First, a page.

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Related: actress - French cinema
Titles: Last Year at Marienbad (1961) - Alain Resnais
Last Year at Marienbad (1961) - Alain Resnais [Amazon.com]
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Delphine Seyrig (April 10, 1932 - October 15, 1990) was a stage and film actress and a film director.
Born Delphine Claire Belriane Seyrig in Beirut, Lebanon, she was the daughter of an archeologist and the brother of composer Francis Seyrig. As a young lady, she studied acting at the Comédie de Saint-Etienne, training under Jean Dasté, and at the Centre Dramatique de l'Est. She also studied at the Actors Studio in New York City where, in 1958, she appeared in her first film, Pull My Daisy. She returned to France in 1960 and was hired by director Alain Resnais to star in his film, L'Année dernière à Marienbad. Her performance brought her international recognition.
During the 1960s and 1970s, Delphine Seyrig worked with some of the best directors in the film industry including François Truffaut, Marguerite Duras and Alain Resnais. She became one of Europe's most respected actors both on stage and in film, and was named best actress at the Venice Film Festival for her role in the 1963 film, Muriel. Her range was such that she played many diverse roles, and because she was fluent in French, English, as well as in German, she appeared in films in all three languages, including a number of Hollywood productions.
Through the years, Seyrig used her celebrity status to promote women's rights. Of the three films she directed, her most important was the 1977 production Sois belle et tais-toi (Look Beautiful and Keep Your Mouth Shut) that included actresses, Shirley MacLaine, Maria Schneider and Jane Fonda, amongst others, speaking frankly about the level of sexism they had to deal with in the film industry. In 1982 Seyrig was a key member of the group that established the "Centre Audiovisuel Simone de Beauvoir" in Paris which maintains a large archive of women's filmed and recorded work and produces work by and about women. In 1989, Seyrig was given a festival tribute at the Créteil International Women's Film Festival, France.
She was married to the American painter, Jack Youngerman (born 1926) who had studied at the École des Beaux-Arts in Paris. She died in Paris in 1990 and was interred there in the Cimetière du Montparnasse. --http://en.wikipedia.org/wiki/Delphine_Seyrig [May 2005]
Sois belle et tais-toi (1981) - Delphine Seyrig
- Sois belle et tais-toi (1981) - Delphine Seyrig [imdb.com]
Outline: Famous actresses talk about their role in the movie industry, and the demand to "be beautiful and shut up". --via imdb.com
Credited cast: Jenny Agutter .... Herself Juliet Berto .... Herself Ellen Burstyn .... Herself Candy Clark .... Herself Patti D'Arbanville .... Herself R. de Gregorio .... Herself Marie Dubois .... Herself Louise Fletcher .... Herself Jane Fonda .... Herself Luce Guilbeault .... Herself Shirley MacLaine .... Herself Mallory Millet-Jones .... Herself Mady Norman .... Herself Millie Perkins .... Herself Rita Renoir .... Herself Telias Salvi .... Herself Maria Schneider .... Herself Barbara Steele .... Herself Susan Tyrrell .... Herself Viva .... Herself Anne Wiazemsky Cindy Williams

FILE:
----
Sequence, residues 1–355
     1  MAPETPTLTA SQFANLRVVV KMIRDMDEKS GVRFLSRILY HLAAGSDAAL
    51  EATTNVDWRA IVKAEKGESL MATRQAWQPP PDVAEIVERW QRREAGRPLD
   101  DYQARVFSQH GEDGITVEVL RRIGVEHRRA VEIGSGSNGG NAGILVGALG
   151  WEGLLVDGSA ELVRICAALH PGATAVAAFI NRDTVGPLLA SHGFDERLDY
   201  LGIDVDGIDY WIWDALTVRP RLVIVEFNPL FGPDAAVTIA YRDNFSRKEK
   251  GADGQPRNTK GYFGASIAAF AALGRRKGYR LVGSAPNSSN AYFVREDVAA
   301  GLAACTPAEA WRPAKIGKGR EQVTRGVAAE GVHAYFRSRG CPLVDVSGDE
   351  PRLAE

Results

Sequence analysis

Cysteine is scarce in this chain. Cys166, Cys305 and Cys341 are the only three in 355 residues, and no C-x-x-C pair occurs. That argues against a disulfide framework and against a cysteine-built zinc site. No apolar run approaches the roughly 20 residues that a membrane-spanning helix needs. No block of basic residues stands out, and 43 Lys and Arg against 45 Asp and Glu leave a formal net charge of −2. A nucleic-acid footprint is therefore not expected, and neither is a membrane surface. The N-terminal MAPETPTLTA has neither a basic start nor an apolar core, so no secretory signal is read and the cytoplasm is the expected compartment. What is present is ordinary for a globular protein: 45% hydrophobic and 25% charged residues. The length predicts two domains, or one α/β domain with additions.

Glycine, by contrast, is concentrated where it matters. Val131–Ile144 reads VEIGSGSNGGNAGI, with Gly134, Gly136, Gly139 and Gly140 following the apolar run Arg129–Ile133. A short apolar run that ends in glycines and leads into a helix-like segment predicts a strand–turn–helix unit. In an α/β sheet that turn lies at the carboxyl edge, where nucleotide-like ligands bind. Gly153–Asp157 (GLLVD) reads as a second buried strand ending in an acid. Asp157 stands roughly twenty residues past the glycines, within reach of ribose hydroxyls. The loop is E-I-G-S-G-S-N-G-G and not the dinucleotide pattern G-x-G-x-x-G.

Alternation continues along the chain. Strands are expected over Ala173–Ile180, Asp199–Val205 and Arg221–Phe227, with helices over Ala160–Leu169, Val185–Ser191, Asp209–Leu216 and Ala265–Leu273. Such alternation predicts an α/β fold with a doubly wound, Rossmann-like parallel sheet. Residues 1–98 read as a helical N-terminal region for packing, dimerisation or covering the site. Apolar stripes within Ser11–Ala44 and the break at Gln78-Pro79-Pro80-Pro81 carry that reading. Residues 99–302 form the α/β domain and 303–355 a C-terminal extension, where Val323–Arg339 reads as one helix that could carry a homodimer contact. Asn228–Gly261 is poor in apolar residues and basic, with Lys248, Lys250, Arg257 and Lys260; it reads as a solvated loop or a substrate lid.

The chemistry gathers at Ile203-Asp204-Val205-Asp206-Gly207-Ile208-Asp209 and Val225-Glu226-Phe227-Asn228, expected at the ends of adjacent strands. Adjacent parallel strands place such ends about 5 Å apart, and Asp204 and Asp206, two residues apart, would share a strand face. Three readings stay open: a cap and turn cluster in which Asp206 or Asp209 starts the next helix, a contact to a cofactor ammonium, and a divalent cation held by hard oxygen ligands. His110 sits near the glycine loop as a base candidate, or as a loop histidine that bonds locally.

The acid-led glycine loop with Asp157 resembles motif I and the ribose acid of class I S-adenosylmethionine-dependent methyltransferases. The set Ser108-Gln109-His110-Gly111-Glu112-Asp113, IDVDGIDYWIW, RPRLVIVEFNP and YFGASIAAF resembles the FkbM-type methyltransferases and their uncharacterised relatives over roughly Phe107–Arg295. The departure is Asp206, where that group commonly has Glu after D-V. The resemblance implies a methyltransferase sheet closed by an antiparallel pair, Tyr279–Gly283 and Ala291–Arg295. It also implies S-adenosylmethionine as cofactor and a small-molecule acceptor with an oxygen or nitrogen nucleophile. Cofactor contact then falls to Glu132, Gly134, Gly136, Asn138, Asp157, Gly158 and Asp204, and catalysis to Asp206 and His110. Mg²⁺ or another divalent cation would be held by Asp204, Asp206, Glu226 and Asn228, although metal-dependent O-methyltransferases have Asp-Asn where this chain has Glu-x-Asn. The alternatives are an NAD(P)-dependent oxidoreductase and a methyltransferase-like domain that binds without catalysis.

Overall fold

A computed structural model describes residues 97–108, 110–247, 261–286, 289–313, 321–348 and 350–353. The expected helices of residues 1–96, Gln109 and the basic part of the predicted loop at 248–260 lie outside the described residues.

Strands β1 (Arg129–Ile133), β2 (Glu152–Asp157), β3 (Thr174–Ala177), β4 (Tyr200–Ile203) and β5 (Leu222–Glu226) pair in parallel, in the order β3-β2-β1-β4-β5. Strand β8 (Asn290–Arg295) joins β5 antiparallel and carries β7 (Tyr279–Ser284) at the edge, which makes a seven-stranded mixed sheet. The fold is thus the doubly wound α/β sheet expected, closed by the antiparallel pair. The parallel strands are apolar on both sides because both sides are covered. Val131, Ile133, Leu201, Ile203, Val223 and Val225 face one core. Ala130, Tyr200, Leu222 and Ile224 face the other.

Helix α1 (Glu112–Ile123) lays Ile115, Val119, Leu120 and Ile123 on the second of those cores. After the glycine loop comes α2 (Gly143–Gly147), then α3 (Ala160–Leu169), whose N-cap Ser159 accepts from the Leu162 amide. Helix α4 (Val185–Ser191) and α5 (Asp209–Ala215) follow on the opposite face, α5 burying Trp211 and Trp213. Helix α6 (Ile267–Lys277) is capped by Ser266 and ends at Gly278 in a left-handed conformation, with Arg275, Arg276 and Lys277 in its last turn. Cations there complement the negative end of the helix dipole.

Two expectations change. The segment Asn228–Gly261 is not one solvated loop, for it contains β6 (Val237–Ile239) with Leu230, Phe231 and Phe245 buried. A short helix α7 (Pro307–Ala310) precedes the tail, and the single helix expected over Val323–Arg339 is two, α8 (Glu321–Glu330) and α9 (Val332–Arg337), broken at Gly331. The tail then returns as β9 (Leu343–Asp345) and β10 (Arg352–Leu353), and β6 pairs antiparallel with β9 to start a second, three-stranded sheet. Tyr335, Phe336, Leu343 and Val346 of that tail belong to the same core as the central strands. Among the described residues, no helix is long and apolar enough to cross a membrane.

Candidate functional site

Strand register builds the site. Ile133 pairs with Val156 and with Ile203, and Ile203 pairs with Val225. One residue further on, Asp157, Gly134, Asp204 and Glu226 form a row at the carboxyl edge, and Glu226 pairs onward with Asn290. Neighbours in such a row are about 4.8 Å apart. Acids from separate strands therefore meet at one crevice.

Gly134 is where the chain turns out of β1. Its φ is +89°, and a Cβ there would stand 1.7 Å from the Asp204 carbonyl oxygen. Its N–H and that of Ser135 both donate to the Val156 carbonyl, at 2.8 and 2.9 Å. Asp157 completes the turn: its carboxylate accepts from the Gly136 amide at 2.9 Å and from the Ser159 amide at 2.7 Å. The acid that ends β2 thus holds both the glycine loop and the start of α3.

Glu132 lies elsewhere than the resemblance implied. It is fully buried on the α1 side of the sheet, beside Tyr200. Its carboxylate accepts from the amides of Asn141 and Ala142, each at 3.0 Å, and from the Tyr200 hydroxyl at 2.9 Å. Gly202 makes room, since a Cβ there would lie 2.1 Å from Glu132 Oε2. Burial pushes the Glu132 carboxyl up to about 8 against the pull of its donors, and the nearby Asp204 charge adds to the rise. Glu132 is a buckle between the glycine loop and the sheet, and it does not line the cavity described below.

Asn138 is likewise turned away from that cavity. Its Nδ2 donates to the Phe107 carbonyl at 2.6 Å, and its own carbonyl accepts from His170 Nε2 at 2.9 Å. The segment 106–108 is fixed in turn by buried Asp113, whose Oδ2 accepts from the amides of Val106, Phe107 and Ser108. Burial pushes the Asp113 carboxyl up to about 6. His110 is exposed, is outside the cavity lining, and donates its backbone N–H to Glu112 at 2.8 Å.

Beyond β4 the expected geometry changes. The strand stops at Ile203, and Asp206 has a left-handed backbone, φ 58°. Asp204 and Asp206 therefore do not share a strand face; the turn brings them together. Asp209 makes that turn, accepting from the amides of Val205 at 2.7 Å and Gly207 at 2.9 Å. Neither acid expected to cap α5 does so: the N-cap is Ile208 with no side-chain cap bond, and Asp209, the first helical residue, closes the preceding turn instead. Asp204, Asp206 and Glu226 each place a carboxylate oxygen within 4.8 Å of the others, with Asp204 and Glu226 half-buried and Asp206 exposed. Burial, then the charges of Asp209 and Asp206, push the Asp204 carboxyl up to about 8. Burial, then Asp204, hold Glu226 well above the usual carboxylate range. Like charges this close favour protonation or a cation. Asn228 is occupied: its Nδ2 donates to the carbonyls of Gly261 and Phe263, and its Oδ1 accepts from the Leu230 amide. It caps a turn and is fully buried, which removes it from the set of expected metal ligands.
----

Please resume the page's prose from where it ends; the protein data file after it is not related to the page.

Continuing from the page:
- Last Year at Marienbad (1961) - Alain Resnais
One of the most ferociously iconoclastic and experimental films of the French New Wave, Alain Resnais's 1961 feature, winner of the grand prize at that year's Venice Film Festival, is based on a script by Alain Robbe-Grillet. At its center is what seems to be a simple but unanswerable puzzle: Did its protagonist (Giorgio Albertazzi) have an affair the year before with a woman (Delphine Seyrig) he just met (or possibly re-met) at his hotel? The inquiry becomes an unsettling experiment in flattening the dimensions of past, present, and future so that any difference between them becomes meaningless, while Resnais's coldly formal but oddly dreamlike geometric compositions make space itself seem a function of subjective memory. Add to that Resnais's trademark tracking shots--long, smooth, a visual correlative of a wordless feeling--and this is a film that truly gets under the skin in almost inexplicable ways. One of the most influential works of its time. --Tom Keogh
- Daughters of Darkness (1971) - Harry Kümel [DVD, Amazon US] [FR] [DE] [UK]
Art-movie goddess Delphine Seyrig (Last Year at Marienbad) slinks through the plush Eurotrash settings as the deathless Elizabeth Bathory, Vampire Countess, in Harry Kümel's minor Dutch classic of lesbian erotic-gothic. Blood mingles with water during the languorous shower scenes. Set at an upper-crust seaside resort, the 1971 film recounts Bathory's plot to replace her current consort (Andrea Rau) with a fresher specimen, an abused newlywed whose brutal young husband is an inconvenience waiting to be eliminated. Although both the bi-sex and the neck-biting violence are tame by today's standards, the film has a graceful, gliding sense of pace that gets under your skin; something unspeakably kinky always seems to be just about to happen. It never quite does, but the mood lingers. See it with someone you love--or would like to. --David Chute for Amazon.com
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